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Refining OLAP Architecture Practices And Tool-Selection Criteria

by William Laurent, William Laurent, Inc.Thursday, May 13, 2010

Even though multidimensional analysis and OLAP (online analytical processing) tools have been around for the greater part of two decades, I have noticed that many non-technical business managers, who have been charged with reporting duties or cube-based analysis tasks, remain lost when it comes to getting the most out of their analytical tools and supporting architectures.  While they may possess a decent understanding of their OLAP tool’s functional palette and a passable knowledge of star schema, snowflake and other dimensional model constructs, knowledge will be lacking on how glean the best performance out of their OLAP platform (e.g.,  conducting volumetric analysis or taking care to map OLAP-driven workflow to the most appropriate processing hardware).  And the problem that always winds up looming as the largest for OLAP administrators (from novice report creators to seasoned architects) is that of “data explosion," which will inevitably result in a data cube of massive proportions, with long load and creation times.

Refining OLAP Architecture Practices And Tool-Selection CriteriaIn multidimensional models, derived and calculated values may wind up occupying a lion’s share of the data cube, exceeding raw base data values by orders of magnitude.  As would be expected, such large data sets quickly become unmanageable and difficult to traverse or distribute; scalability and performance becomes severely restricted.  Data explosion can result in data cubes/databases being hundreds, if not thousands of times larger than initially anticipated. Addressing data explosion problems by throwing additional or more expensive hardware and processing power at each and every phase of the multidimensional data lifecycle—calculate, build, distribute, etc.—will often not attain the desired result. The yield curve of processor-to-performance has a tendency to flatten out rather swiftly, providing a diminished impact and return on infrastructure investment (ROI).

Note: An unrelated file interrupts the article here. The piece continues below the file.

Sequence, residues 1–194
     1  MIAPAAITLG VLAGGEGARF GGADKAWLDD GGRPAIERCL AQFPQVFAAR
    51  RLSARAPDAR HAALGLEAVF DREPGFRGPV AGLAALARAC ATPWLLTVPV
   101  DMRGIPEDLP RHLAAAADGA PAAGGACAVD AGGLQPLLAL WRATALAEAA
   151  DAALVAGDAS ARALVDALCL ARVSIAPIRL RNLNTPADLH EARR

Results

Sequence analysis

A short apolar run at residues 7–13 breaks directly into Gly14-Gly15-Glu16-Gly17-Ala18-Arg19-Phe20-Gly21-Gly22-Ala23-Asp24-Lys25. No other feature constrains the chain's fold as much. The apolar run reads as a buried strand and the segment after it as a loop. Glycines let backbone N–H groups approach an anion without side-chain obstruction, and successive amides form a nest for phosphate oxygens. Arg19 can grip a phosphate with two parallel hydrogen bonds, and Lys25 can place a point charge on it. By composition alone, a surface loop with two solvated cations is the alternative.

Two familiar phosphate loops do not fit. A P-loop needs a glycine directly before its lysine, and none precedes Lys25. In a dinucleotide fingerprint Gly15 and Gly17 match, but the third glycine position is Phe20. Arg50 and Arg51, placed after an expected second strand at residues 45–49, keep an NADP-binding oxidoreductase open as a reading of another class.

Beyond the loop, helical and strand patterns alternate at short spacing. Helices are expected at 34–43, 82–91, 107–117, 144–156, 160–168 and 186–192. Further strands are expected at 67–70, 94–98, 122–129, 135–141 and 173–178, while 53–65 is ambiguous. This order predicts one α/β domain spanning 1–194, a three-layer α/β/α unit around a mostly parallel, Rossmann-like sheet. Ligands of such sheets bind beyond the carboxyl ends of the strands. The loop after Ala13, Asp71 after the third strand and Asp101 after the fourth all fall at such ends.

To this point, for the both the seasoned and novice OLAP professional, great care must be paid to the number of dimensions contained in the OLAP model as well as the number of calculated levels in each of these dimensions. If any of these dimensions is sparsely populated, the chances become even greater that the data explosion monster will rear his ever-lurking head.  It will be of extreme importance that the OLAP data architect carefully plans and structures his/her multidimensional models with the utmost foresight, i.e. painstakingly estimating the compound grown factor (CGF) of data cubes and the system memory that may be required if data explosions start to occur.

Don’t ever assume that a multidimensional model will align with or conform neatly to an organization’s core business values on an inter-departmental basis; different business units look at the world from completely divergent perspectives.  The information artifacts—an OLAP cube’s facts and dimensions—that will drive sales reporting are not always going to be held sacred by the accounting department. OLAP is about satisfying a large set of business units and business questions with a diverse (and numerous) set of targeted reports.

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